Substance abuse disorder and treatment providers are open to considering complementary and alternative medicine interventions, and Music Therapy falls into this category.
Clinical research, case studies, and stories reveal that music has an extraordinary capacity to: reduce stress, prevent illness, and strengthen the immune system.
The four elements of music are:
- rhythm as medicine for the body,
- the melody for the heart,
- harmony for the soul,
- silence for the mind (Stevens, 2012)
Patients who have been in treatment for many years due to substance abuse disorder and other mental health issues will often learn the “language of therapy.”
After several years of psychotherapy number patients learn what to say and not to say. They begin to feel comfortable with the status quo and find ways to attempt to manipulate the treatment providers. The patient will find ways to sabotage their treatment plan. When this is happening, it is a good time to introduce alternative treatments to see if they are open to healing with the sound of music.
The Greek philosopher Pythagoras wrote about music’s contribution to health and prescribed music to restore harmony to body and soul.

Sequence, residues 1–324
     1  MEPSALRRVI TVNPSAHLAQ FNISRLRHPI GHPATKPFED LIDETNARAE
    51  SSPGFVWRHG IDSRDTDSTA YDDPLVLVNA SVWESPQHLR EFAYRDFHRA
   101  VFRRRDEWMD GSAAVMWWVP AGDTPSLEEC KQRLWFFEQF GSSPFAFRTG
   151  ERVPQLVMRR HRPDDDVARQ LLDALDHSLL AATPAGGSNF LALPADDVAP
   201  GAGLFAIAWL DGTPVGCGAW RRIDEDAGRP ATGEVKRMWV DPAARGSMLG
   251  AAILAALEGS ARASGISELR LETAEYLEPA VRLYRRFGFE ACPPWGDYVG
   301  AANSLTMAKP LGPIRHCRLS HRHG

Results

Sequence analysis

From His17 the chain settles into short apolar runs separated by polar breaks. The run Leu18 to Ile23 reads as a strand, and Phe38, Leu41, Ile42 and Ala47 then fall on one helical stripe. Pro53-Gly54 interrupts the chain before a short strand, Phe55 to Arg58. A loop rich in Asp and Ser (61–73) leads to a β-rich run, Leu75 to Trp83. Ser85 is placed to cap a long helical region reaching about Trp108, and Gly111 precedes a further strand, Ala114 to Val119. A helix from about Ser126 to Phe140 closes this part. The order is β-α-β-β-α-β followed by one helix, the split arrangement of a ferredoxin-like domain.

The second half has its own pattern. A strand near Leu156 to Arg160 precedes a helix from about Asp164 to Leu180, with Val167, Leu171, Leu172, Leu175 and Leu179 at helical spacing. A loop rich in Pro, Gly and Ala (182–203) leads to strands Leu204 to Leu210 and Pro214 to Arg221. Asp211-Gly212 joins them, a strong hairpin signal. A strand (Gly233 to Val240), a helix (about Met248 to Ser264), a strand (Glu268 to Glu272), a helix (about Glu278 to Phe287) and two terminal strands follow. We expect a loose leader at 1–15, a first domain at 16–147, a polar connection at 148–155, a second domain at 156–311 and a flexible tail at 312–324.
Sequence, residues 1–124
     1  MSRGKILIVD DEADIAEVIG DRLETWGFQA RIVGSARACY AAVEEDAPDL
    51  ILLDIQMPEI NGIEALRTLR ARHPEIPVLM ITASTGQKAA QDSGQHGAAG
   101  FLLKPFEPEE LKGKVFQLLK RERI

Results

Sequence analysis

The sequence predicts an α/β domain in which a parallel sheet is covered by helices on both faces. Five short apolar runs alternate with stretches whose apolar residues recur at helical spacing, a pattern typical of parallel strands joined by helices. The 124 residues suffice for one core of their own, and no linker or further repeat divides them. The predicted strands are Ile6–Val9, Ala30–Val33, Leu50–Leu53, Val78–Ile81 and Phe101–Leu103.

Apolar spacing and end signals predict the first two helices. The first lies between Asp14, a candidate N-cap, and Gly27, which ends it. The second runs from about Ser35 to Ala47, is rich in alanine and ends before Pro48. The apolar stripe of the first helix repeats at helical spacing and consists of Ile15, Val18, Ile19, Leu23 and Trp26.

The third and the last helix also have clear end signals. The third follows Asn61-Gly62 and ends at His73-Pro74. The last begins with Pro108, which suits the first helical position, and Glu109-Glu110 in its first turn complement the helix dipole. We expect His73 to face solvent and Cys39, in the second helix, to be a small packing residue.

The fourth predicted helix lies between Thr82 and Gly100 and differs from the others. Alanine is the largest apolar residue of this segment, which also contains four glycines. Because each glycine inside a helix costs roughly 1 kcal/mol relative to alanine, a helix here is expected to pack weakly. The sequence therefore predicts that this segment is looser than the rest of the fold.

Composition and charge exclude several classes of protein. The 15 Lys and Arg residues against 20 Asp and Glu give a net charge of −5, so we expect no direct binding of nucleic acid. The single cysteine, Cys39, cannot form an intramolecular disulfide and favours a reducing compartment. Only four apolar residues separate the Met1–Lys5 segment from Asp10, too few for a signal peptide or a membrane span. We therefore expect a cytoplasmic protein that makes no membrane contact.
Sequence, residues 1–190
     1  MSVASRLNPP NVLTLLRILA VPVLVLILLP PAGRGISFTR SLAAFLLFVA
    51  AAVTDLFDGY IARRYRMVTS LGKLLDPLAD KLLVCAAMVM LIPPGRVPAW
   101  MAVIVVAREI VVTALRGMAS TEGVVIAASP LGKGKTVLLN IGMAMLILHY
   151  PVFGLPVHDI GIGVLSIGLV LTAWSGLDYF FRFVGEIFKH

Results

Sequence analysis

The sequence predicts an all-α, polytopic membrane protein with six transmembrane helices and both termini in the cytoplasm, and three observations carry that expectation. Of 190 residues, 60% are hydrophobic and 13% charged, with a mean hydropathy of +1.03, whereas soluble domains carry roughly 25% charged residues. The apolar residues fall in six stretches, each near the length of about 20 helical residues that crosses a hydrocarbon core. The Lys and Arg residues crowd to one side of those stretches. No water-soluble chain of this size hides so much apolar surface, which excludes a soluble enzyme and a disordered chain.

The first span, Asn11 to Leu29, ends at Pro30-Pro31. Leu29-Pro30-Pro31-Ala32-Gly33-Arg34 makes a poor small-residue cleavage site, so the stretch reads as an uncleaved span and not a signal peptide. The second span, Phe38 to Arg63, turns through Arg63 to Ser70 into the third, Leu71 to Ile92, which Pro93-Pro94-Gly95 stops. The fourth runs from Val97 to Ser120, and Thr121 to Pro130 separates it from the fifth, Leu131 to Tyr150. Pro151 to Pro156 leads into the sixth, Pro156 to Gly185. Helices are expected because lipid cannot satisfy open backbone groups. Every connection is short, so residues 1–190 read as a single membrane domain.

Florence Nightingale used music in hospital wards to accelerate the healing process for soldiers injured in the war.
Music as medicine can bring a new awareness of the emerging self-state and unfold a process of mindful awareness, therefore, bringing to the surface the inner void and balance emotions.
According to a study conducted by Istvan Molnar-Szakacs, Ph.D., of the University of California, Los Angeles and Katie Overy, PhD, of the Institute for Music in Human and Social Development in Edinburgh, Scotland, they found that mirror neurons in both the motor and emotional brain areas work together to translate musical gestures into a sympathetic response.
It could be music’s motion that becomes the emotion that moves our souls. In other words, from wave frequencies resonating an unstruck cord to our human neural wiring, which fires in mirroring patterns of empathy, harmonizing is woven into the science of humanity”.
-Stevens, C., 2012
Memory research reveals how the brain is an associational organ, making linkages among its widely distributed clusters of neurons. Donald Hebb (1949)